Acupuncture applied over the articulations can increase the blood supply to the joints. Increased blood flow provides better nutrition, supplies more oxygen, and leads to early healing in the case of fracture and prevention of degenerative process in other forms of joint pain. Another advantage of increased blood flow is a subsequent improvement in the removal of waste products from the tissues.

Acupuncture enhances the hypothalamus pituitary adrenal axis, leading to improved cortisol levels in the blood. This allows an improved adaptation of patient to the fight and flight situation during stressful conditions.  Cortisol is an anti-inflammatory hormone and its increased levels affects immune system of our body. Overactivated immune system causes damage to our body, as we can see in autoimmune diseases. A temporary rise of cortisol decreases the inflammatory response of our immune system, and the damage caused by a hyperactive immunity is prevented, promoting recovery and analgesia.

The Remarkable Way Acupuncture Can Relieve Pelvic Pain

Acupuncture and joint pain

Acupuncture can work for many causes of joint pain. For example:

  • Rheumatoid arthritis: Acupuncture helps relieve pain in RA by decreasing the inflammatory process. Other factors include improved blood supply, stabilized/inhibited hyperactive immune system, and endogenous analgesic system.
  • Osteoarthritis: Better blood supply relieves stiffness in the joints and decreases pain. The increased supply of nutrients through the blood aids in the delay and prevention of the degenerative processes in the joints. Pain is also reduced as a result of an improvement in the inflammation process.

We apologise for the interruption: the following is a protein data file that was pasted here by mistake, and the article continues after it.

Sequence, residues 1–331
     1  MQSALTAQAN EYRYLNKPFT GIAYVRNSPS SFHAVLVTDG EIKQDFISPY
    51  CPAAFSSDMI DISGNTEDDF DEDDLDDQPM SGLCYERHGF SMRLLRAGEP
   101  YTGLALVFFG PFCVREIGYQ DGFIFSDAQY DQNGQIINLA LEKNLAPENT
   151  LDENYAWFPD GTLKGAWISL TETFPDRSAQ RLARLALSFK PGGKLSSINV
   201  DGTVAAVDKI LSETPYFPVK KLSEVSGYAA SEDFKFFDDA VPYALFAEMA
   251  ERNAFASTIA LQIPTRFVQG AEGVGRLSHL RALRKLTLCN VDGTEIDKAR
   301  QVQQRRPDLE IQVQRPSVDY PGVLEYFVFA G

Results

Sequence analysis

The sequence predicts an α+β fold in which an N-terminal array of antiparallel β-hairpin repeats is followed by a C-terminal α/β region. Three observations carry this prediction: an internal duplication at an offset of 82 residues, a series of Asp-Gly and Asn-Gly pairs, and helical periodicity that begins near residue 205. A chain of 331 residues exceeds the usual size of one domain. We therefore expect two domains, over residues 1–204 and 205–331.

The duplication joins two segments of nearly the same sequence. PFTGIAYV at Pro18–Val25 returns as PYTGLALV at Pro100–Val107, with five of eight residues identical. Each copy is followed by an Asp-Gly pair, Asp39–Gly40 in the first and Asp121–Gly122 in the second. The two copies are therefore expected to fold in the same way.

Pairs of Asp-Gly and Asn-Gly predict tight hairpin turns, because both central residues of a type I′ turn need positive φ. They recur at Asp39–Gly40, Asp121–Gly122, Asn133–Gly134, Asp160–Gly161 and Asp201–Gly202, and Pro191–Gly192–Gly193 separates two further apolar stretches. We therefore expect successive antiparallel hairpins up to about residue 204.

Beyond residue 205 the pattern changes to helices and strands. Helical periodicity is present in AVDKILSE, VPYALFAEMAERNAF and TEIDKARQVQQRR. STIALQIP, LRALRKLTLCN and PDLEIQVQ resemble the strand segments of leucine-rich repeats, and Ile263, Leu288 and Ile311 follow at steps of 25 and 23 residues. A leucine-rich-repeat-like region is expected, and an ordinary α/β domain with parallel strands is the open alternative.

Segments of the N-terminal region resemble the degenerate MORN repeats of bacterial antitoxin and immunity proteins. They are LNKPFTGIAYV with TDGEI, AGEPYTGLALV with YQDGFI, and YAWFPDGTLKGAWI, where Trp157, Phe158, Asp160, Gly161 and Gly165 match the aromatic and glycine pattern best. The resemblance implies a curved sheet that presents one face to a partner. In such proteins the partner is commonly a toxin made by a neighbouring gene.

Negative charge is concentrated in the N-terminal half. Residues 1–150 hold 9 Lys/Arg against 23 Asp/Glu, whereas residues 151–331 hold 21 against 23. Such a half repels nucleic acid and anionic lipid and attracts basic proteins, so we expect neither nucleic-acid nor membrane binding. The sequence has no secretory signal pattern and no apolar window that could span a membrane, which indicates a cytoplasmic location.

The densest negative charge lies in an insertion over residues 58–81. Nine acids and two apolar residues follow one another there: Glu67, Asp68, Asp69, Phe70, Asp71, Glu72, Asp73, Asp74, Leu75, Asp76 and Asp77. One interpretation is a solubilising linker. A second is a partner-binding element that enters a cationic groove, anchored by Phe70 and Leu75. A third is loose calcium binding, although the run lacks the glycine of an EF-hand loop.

• Gouty arthritis: Increased blood flow might assist in the increased removal of waste products and decrease inflammation. Endorphins released in acupuncture sessions may also help to decrease pain.
  • Traumatic/mechanical joint diseases: Acupuncture improves healing through increased blood flow in patient with fractures. Other advantages of acupuncture in trauma patients include prevention of post traumatic arthralgia and stiffness.
  • Backache: Back pain of joint origin may be due to Enthesitis, and muscular pain of the back muscles. Analgesia provided by acupuncture in these patients is also because of anti-inflammatory function of acupuncture and better nutrient supply through the blood.
  • Infectious arthritis: Improved immunity, good response to stress situations, and endorphins help alleviate pain due to infectious arthritis.

Modern acupuncture has taken this millenary approach and studied its effectivity through clinical trials. Instead of reducing the weight of acupuncture, the evidence so far supports this technique, especially for patients with chronic health issues that include joint pain, hypertension, anxiety, and cancer. Now, it is easier than ever to find truly skilled acupuncturists who are licensed to work as such and provide an effective and safe treatment for patients with joint pain and other pathologies. If you are interested in taking Acupuncture treatment in the UK click here.

References:

Manheimer, E., Cheng, K., Linde, K., Lao, L., Yoo, J., Wieland, S., … & Bouter, L. M. (2010). Acupuncture for peripheral joint osteoarthritis. Cochrane database of systematic reviews, (1).

Manyanga, T., Froese, M., Zarychanski, R., Abou-Setta, A., Friesen, C., Tennenhouse, M., & Shay, B. L. (2014). Pain management with acupuncture in osteoarthritis: a systematic review and meta-analysis. BMC complementary and alternative medicine14(1), 312.

Lee, M. S., & Ernst, E. (2011). Acupuncture for pain: an overview of Cochrane reviews. Chinese Journal of Integrative Medicine17(3), 187-189.

Wang, C., De Pablo, P., Chen, X., Schmid, C., & McAlindon, T. (2008). Acupuncture for pain relief in patients with rheumatoid arthritis: a systematic review. Arthritis Care & Research: Official Journal of the American College of Rheumatology59(9), 1249-1256.

White, A., Foster, N. E., Cummings, M., & Barlas, P. (2007). Acupuncture treatment for chronic knee pain: a systematic review. Rheumatology46(3), 384-390.